The bascules consist essentially of steel girders with curved buckle plates and a timber deck. When it was built, the gaps between the buckle plates were filled with creosoted Memel pine, and the road surface was formed in dowelled Memel pine blocks.
From the outset water ingress leaked through this surfacing, causing the timber to swell and rot, and the buckle plates to corrode. By the 1960s a major refurbishment was needed, and the whole deck was removed and exposed. Corroded buckle plates were replaced or repaired; the infill timber was replaced with preformed rigid polyurethane foam blocks; and the Memel pine blocks were relaid.
After further problems with water ingress and swelling of the blocks a decade later, the Memel pine was eventually removed in 1978, and replaced with Acme timber ply panels on top of the polyurethane blocks. Now the bascule surfacing and some of the timber panels are reaching the end of their maintainable life, once again risking corrosion of the bascule girders and buckle plates from water ingress. Bam Nuttall’s contract involves stripping off the surfacing, repairing any damaged steelwork and putting on deck panels and surfacing.
Deck materials options
“We did a lot of investigations into different options for the deck materials, but ended up with like for like,” says Bam Nuttall senior agent Agne Smakovaite. “The overall weight won’t change.”
This is crucial as the 1,000t bascules are balanced so that they require very little energy to be lifted. Kentledge is moved around the deck to ensure the weight does not vary, even when sections of the deck are removed.
During the investigations, the construction team discovered that much of the timber in the carriageway is in very good condition. “We found a specification from the previous work that said the plywood panels are made from veneers of hardwood,” explains City of London senior principal engineer Mark Bailey. Bam Nuttall and timber research specialist Trada investigated further, and concluded that it may be Makore – also known as African Cherry. “The investigations found that it was in very good condition,” adds Bailey. “We still need to strip off the surfacing, but we could retain the timber with confidence that it would last.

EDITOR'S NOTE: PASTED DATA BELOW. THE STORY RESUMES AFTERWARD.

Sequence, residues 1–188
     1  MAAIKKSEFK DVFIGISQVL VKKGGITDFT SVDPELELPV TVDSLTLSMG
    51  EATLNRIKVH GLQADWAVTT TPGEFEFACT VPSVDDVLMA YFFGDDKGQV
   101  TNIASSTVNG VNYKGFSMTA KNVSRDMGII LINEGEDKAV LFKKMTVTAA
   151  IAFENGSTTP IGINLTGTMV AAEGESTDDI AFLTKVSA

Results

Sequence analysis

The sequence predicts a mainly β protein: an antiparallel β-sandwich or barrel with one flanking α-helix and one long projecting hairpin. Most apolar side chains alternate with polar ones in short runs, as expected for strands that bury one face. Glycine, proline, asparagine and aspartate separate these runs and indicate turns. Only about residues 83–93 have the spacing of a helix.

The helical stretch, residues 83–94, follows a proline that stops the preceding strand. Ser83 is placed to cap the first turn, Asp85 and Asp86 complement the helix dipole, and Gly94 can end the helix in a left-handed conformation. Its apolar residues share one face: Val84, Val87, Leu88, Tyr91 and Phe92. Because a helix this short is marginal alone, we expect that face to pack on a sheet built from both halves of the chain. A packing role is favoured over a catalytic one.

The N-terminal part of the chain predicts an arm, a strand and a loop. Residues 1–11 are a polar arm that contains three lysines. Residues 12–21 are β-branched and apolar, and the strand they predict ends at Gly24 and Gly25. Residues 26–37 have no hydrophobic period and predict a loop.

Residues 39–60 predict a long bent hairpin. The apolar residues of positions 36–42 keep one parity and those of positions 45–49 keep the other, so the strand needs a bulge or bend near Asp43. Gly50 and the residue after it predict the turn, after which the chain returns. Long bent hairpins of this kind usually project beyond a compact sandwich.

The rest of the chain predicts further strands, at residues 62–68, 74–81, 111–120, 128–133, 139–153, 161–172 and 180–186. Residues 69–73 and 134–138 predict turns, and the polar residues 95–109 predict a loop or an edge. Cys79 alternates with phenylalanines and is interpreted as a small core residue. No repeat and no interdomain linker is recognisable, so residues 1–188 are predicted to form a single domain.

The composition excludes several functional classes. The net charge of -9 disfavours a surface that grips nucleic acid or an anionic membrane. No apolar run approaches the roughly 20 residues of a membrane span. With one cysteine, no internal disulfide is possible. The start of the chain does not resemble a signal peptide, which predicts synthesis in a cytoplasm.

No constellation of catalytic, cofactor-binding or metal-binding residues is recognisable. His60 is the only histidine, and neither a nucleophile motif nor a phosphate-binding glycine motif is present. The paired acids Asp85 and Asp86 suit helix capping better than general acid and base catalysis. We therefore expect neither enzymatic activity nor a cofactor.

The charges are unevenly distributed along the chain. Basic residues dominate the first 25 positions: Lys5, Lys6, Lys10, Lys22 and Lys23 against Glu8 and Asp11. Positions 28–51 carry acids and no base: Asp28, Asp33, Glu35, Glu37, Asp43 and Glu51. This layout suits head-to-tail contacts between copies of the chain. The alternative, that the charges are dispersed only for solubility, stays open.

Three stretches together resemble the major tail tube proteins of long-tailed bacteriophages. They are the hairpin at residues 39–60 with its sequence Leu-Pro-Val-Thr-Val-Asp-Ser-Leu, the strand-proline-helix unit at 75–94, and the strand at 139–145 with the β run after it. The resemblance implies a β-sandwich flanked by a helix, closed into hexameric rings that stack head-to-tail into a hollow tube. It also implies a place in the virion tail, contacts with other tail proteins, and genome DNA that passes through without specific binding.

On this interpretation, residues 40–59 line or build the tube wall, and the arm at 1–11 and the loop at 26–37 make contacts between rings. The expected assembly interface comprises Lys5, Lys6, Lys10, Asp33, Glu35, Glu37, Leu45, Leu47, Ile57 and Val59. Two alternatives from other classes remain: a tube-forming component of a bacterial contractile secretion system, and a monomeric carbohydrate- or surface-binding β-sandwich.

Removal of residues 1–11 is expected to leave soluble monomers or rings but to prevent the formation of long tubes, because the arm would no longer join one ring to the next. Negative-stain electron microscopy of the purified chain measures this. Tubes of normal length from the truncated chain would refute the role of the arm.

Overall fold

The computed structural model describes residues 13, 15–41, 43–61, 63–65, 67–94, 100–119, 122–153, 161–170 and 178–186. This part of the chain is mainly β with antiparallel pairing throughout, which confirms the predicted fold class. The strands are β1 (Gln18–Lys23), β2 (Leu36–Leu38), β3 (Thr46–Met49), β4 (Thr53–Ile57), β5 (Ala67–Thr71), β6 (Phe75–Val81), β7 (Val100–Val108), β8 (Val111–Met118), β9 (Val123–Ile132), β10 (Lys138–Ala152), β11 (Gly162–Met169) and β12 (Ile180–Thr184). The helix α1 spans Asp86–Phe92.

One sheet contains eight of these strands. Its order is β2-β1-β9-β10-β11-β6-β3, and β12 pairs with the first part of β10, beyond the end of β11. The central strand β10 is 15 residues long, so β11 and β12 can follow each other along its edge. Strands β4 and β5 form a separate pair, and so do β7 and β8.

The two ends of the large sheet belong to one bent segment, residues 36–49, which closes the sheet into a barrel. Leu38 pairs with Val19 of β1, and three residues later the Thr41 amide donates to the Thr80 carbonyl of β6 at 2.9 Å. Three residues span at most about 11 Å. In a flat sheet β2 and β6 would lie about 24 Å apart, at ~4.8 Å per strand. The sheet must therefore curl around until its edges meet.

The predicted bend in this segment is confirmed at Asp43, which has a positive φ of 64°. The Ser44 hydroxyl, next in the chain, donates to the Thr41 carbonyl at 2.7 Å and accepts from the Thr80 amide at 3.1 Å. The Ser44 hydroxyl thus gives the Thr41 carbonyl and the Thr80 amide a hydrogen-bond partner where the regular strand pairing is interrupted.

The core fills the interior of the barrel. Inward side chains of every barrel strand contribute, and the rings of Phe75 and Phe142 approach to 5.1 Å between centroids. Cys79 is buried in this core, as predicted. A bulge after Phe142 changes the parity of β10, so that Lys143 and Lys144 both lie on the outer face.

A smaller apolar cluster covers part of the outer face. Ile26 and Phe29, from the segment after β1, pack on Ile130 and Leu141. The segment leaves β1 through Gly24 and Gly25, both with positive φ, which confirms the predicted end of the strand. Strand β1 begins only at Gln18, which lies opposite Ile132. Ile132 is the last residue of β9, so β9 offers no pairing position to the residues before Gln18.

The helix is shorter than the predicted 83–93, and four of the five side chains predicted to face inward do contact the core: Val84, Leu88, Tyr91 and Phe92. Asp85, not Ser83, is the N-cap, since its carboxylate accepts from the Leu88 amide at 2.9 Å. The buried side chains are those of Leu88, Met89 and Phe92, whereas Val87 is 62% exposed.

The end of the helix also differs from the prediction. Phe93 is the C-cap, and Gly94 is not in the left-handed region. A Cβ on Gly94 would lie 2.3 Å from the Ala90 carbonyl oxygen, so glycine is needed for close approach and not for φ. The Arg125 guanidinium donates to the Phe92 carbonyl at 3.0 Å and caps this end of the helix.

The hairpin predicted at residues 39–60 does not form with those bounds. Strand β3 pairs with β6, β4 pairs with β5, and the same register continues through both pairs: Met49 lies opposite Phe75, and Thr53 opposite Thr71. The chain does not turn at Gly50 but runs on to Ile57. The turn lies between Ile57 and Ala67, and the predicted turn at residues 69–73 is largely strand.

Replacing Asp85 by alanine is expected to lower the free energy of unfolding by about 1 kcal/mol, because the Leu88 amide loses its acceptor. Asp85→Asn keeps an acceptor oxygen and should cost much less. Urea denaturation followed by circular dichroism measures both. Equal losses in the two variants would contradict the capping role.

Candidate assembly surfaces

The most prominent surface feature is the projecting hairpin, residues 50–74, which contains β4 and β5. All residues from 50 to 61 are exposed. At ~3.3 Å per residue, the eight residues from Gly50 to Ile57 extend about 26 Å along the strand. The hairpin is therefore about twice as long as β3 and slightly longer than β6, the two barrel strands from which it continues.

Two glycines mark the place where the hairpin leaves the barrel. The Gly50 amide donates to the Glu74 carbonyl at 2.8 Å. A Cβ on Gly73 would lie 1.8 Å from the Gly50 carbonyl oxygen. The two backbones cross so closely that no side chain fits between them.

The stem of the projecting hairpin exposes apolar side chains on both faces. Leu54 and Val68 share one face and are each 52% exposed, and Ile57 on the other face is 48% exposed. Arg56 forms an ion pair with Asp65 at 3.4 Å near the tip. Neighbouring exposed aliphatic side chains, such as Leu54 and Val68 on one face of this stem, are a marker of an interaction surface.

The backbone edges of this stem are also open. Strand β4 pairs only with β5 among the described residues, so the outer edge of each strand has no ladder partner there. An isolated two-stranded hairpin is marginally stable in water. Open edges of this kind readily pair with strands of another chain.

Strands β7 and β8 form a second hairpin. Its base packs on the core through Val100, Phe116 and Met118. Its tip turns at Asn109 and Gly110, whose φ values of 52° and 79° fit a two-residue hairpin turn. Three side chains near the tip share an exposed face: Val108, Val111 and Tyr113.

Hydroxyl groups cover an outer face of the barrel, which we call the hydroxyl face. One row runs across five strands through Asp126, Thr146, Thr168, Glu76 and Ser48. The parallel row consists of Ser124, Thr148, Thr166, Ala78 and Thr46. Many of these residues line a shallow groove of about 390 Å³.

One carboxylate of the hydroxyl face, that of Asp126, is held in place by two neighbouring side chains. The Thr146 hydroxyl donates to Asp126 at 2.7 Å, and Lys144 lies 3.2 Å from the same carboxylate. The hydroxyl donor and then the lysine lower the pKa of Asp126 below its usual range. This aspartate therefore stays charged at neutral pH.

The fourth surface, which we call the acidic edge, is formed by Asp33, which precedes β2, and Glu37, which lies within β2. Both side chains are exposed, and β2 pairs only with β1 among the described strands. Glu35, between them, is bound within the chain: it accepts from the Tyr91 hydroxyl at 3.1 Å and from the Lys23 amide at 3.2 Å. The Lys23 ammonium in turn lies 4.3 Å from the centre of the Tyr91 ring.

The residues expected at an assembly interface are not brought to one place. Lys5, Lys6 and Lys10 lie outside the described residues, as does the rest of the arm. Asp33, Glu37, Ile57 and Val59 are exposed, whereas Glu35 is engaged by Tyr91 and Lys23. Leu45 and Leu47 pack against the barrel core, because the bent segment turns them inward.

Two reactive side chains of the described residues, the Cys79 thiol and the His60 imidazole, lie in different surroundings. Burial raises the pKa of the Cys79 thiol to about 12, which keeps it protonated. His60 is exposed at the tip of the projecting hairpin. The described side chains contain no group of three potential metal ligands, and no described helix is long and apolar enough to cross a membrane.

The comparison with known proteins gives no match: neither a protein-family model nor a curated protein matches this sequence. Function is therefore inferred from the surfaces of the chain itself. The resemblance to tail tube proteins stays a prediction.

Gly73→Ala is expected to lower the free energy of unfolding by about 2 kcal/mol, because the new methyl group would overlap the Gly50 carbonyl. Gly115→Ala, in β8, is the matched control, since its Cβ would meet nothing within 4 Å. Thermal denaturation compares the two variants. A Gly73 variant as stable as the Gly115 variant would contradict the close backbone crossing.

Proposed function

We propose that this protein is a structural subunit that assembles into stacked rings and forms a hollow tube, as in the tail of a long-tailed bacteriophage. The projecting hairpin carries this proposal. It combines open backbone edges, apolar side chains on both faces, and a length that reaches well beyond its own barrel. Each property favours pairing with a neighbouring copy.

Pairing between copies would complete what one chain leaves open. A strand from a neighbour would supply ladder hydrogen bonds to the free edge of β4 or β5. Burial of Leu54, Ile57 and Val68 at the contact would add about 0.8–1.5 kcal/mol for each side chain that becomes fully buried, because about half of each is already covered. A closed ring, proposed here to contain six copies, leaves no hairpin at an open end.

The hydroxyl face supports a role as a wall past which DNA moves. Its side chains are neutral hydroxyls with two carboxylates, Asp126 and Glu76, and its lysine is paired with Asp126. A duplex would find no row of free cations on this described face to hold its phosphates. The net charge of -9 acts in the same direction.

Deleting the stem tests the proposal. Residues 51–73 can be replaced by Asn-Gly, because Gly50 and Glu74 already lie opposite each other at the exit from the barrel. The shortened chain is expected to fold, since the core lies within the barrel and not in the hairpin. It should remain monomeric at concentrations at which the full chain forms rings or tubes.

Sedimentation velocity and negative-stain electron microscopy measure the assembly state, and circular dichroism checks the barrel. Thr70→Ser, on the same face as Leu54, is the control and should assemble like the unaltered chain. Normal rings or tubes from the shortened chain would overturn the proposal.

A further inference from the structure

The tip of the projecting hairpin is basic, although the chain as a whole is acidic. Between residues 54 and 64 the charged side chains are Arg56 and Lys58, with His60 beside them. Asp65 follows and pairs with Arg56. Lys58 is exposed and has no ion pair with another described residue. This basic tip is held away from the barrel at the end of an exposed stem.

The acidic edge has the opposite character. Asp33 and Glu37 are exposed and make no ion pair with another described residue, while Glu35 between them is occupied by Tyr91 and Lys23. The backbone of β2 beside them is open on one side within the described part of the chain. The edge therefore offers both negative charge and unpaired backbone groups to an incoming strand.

“The rigid polyurethane was also in very good condition – it was still very stiff, and providing a very good seal to the steelwork underneath. We could have done more damage by removing the panels,” he adds.
The footway panels were a 1990s addition, installed when the kerb line on the bridge was moved. Here the Acme panels were formed of a thinner soft wood, and they had deteriorated, allowing water to get through and cause corrosion to the buckle plates. Bam Nuttall is taking up all the footway timber, exposing the steelwork, grit blasting, repairing where necessary and painting it.
On the carriageway around 20mm of surfacing is being planed off, together with the first couple of plys of hardwood to ensure any deterioration is removed. A new surface is then being laid, consisting of an epoxy-based material containing a very hard stone.
The new footway construction consists of two layers of different Acme panels with a skid resistant surfacing containing aluminium oxide built into the top layer.
In addition to the bascule works, Bam Nuttall’s £5M contract also includes installing a new rubberised waterproofing membrane and resurfacing the approaches. The work is being carried out in sections, with pedestrian access being maintained across the bridge – and to the Tower Bridge exhibition – at all times.
Work has progressed well, and the team is on track to finish by 30 December – ready for Tower Bridge to take pride of place as images of the capital’s New Year’s Eve fireworks display are beamed around the world.